Thursday, March 01, 2007

Brian Hosey

My big brother, Brian William Hosey, was born February 28, 1958, in Sisters Hospital in Buffalo. He was my big brother in all ways, in age, height (6-foot-6 to my 6-foot-3) and, in ways I didn't always pick up on right away, looking after my welfare and strength.
Brian died July 30, 1995, and will forever be frozen in time and in my eye and heart as my older brother, father, husband, teacher and coach. He was married to Janet (Rumsey) and they had three kids: Kimberly, Colleen and Daniel. Brian taught elementary and early middle school and was just about to start his first year as a principal when he died.
My affinity for sports (a hard working but not particularly talented athlete, my first job out of college was as a sports writer) came mainly from Brian, from competing against him in everything, particularly basketball (he had a sweet jump shot and played tough defense, but he couldn't jump a lick), and when he and his family packed up and moved to Apache Junction, Arizona, in the early 1980s, he got very involved in school and municipal youth athletics, ending up coaching the freshman and junior varsity girls basketball teams as well as coaching baseball, softball and basketball in recreation sports.
His competitive spirit (he was a major Boston Bruins and Oakland Raiders fan, but we did share a strong devotion to the Buffalo Braves) extended to brotherhood; he would mercilessly beat me up physically, on the field or court, and verbally, until I learned to defend myself. The two ways in which he conceded that I was somewhat grown up and able to fend for myself were when I was able to make my father laugh more than Brian (and making Ed laugh was a labor as a child) and when I pinned my brother wrestling; admittedly, I did have bigger shoulders and legs than Brian.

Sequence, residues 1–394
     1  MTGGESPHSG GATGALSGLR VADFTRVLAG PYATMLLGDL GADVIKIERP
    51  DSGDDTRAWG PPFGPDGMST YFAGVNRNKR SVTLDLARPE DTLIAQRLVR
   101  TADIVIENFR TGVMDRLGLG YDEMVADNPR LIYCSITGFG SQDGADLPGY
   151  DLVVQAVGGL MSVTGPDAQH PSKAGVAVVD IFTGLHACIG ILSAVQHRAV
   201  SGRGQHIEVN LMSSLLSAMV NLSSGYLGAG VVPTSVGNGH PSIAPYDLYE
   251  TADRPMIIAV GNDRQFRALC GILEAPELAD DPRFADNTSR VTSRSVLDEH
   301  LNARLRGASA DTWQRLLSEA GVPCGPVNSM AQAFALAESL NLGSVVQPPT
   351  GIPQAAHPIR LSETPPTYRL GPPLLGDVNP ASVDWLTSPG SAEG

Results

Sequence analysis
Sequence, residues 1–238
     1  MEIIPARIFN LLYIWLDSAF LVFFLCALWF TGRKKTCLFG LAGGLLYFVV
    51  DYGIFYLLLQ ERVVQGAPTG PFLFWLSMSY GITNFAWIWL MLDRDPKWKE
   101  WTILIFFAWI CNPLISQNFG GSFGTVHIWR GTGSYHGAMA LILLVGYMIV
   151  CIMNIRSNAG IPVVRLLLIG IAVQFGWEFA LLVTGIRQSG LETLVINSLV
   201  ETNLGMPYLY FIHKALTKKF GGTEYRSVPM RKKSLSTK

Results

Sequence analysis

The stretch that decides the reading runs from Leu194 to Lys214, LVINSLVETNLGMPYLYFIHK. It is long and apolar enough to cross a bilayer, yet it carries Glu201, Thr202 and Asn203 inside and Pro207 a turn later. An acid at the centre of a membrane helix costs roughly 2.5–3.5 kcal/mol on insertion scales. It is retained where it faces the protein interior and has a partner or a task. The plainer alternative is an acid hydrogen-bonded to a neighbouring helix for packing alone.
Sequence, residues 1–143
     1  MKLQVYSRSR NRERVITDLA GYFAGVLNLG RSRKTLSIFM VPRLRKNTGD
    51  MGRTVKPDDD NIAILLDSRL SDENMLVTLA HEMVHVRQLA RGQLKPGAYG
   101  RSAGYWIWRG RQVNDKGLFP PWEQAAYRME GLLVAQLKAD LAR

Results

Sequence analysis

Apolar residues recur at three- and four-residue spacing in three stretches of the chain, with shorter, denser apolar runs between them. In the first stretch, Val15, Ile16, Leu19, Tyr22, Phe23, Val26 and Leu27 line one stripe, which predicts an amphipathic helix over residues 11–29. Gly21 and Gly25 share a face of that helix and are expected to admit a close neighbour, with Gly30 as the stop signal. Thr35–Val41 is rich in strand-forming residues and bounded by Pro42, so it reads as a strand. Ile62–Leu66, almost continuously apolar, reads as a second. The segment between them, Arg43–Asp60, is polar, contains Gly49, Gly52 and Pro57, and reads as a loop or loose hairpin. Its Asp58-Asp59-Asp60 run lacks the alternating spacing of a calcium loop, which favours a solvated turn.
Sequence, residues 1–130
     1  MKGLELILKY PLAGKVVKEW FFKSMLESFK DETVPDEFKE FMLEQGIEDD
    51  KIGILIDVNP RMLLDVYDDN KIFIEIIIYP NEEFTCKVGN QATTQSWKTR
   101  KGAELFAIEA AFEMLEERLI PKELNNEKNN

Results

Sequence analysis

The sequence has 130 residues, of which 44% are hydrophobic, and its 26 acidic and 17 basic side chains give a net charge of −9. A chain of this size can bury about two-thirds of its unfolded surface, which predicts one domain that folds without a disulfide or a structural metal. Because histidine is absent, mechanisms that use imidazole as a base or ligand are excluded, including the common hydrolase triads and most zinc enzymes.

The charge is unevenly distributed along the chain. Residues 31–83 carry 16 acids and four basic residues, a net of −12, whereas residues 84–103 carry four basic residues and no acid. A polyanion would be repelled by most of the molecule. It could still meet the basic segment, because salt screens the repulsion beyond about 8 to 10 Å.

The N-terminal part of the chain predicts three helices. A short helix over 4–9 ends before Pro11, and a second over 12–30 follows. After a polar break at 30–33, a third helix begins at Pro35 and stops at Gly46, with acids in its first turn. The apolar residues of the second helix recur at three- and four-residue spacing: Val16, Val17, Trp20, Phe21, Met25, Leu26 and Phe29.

When Brian died in Apache Junction of an aortic aneurysm (he had suffered a stroke about a year before that and hid it from us, not sending us his recent photograph which showed the telltale signs of stroke), I was unable to go to Arizona for the funeral, because my grandfather William Hosey was still alive and living here; my parents, Edward and Sheila, were able to go to the services there, while we held a memorial service here. I admit that I still have unresolved feelings, at least partly never feeling I was able to say goodbye to the brother who I shared a bedroom with for 16-17 years and who I greatly enjoyed talking with over the telephone on birthdays, holidays and major family events.
I can also attest to the fact that parents should never have to bury their children; Ed and Sheila were never the same after Brian's death. It was the first time I saw my father cry, and the only other time I saw him cry was when his father died a couple of years later. I suppose the fact that my father died of a massive coronary in April 2004, a day after he suffered a stroke but seemed to be doing good under the circumstances, and again without me being able to say goodbye, increased and mixed up the unresolved feelings I had, and I also saw my mother go through more pain, confusion and loneliness than she deserves.